Sexual Purity Posts

Stress of Life

originally posted to the Sex Addiction and Love Addiction Recovery Blog

I offer these tips for achieving mind-body-spirit balance in our hectic world:


“Create a healthy boundary for solitude.  People today are suffering from information (sensory) overload. The effect may result in poor memory, poor processing skills, poor attention span, poor decision-making, as well as decreased productivity. Resolve the process-addiction habits of constant cell phone, e-mail, Ipod, and Internet accessibility. Declare high-tech free zones (in space and time) each day.   In this solitude, take time for some simple relaxation techniques (e.g., breathing, yoga, tai chi, etc.) as an essential step in caring for the caregiver.


“Resolve issues of anger and fear. Research is conclusive that chronic stress suppresses immune function (Kiecolt-Glaser, 1999). Energetically speaking, unresolved issues of anger and fear congest various aspects of subtle anatomy… thus affecting the integrity of various target organs. Making peace with our emotions (e.g., diplomatically confronting our fears and resolving anger issues through forgiveness) is essential for mind, body, and spirit. Additionally, joy, mirth, and gratitude are essential. Consider finding one humorous thing a day to lighten your heart.


“Make a daily practice of meditation but this won’t happen until dedicated time and space is combined with the discipline to domesticate the ego.  Sitting still to clear your mind of ego chitchat is essential for mind-body-spirit equilibrium. Insights from a clear mind lend support to the Chinese axiom, “When the student is ready, the teacher will come” (N. Cheng [author of Life and Death in Shanghai], personal communication, January 21, 2006), but this won’t happen until dedicated time and space is combined with the discipline to domesticate the ego.


“Engage in regular (daily) cardio-vascular exercise.  Exercise is the fight-or-flight response, so it would make sense that if you are stressed, exercise (like a homeopathic remedy) would help restore homeostasis. The benefits of regular cardiovascular exercise are numerous, including parasympathetic rebound and the “flushing” of stress hormones (cortisol) out of the system.


“Maintain healthy eating habits.  The stress response depletes essential nutrients that often are not replaced with fast foods and comfort foods (empty calories). Moreover, many foods (e.g., caffeine, sugar, salt) act to increase the release of epinephrine and nor-epinephrine, hence throwing gasoline on the fire. Additionally, many foods contain significant traces of synthetic fertilizers and pesticides that overload the immune system. Organic foods are always the best choice.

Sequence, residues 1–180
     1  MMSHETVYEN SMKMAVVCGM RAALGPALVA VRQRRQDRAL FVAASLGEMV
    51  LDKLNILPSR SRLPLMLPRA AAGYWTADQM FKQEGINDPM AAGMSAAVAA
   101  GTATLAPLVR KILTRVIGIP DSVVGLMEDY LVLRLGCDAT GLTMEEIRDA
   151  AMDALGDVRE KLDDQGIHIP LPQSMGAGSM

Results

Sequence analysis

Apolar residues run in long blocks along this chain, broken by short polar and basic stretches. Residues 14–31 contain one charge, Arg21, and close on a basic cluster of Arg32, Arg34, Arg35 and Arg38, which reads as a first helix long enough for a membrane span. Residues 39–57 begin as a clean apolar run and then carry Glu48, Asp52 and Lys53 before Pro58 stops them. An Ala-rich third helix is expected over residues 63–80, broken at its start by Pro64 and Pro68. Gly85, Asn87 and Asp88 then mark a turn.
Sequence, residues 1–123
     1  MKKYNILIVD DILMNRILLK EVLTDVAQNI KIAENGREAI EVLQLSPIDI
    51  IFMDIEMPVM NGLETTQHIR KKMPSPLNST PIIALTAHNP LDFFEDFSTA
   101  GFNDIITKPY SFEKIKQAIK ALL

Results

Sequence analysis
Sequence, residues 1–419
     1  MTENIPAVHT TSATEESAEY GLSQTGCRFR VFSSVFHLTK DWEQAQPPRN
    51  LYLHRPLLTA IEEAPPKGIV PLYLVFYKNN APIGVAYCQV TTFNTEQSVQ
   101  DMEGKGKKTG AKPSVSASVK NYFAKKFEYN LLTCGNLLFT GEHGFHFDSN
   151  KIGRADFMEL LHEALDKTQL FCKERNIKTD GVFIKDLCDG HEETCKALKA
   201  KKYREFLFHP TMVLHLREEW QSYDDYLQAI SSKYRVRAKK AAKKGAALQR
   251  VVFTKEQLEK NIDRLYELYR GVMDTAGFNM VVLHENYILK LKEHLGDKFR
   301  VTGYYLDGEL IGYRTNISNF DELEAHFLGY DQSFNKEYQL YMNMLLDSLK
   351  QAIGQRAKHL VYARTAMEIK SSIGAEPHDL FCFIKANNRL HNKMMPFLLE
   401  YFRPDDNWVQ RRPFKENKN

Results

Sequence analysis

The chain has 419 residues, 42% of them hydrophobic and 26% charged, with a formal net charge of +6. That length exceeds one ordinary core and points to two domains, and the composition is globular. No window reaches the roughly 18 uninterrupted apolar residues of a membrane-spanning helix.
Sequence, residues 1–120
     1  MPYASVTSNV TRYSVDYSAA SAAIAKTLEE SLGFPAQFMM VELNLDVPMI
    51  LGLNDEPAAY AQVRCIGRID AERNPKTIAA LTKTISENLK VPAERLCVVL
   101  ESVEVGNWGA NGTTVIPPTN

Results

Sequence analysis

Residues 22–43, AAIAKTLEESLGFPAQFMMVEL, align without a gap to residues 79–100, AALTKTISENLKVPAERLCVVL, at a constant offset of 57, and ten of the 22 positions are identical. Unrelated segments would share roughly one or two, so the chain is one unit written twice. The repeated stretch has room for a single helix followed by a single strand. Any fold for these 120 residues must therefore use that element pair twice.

“Nurture strong support groups.  Friends offer a buffering effect to personal and social stress. It is now known as the “tend and befriend effect” (Taylor, 2002; Taylor et al., 2000). While friends cannot always help solve our problems, they can offer emotional and spiritual support. Remember, it’s not the quantity of friends, but the quality of friends that matters. The mind-body-spirit connection is far more complex than today’s science has yet to validate, yet when stress is left unresolved, we know this: ultimately the body becomes the battlefield for the war games of the mind. Where there is chronic stress, there are ego control will tell you these are the inner resources needed to successfully confront all roadblocks. The days of being chased by a saber-toothed tiger have now become days of entitlements with unmet expectations, urban sprawl, corporate downsizing, information overload, electromagnetic pollution, unruly teenagers, global warming, elder-care, in-your-face marketing, e-mail avalanches, and the threat (real or imagined) of global terrorism. As renowned stress researcher Hans Selye (1976) warned us, the physical body, in all its wonders, cannot stay in a state of stressed arousal without dire consequences. Ultimately stress kills. For this reason, a holistic approach is in our best interest.” – Dr. Brian Luke Seaward in Beginnings Winter 2007

Reducing stress is a lifestyle change.  Less TV, more friends and more exercise, more quiet time.  Life in balance leads us to able to handle the necessary stress of life.

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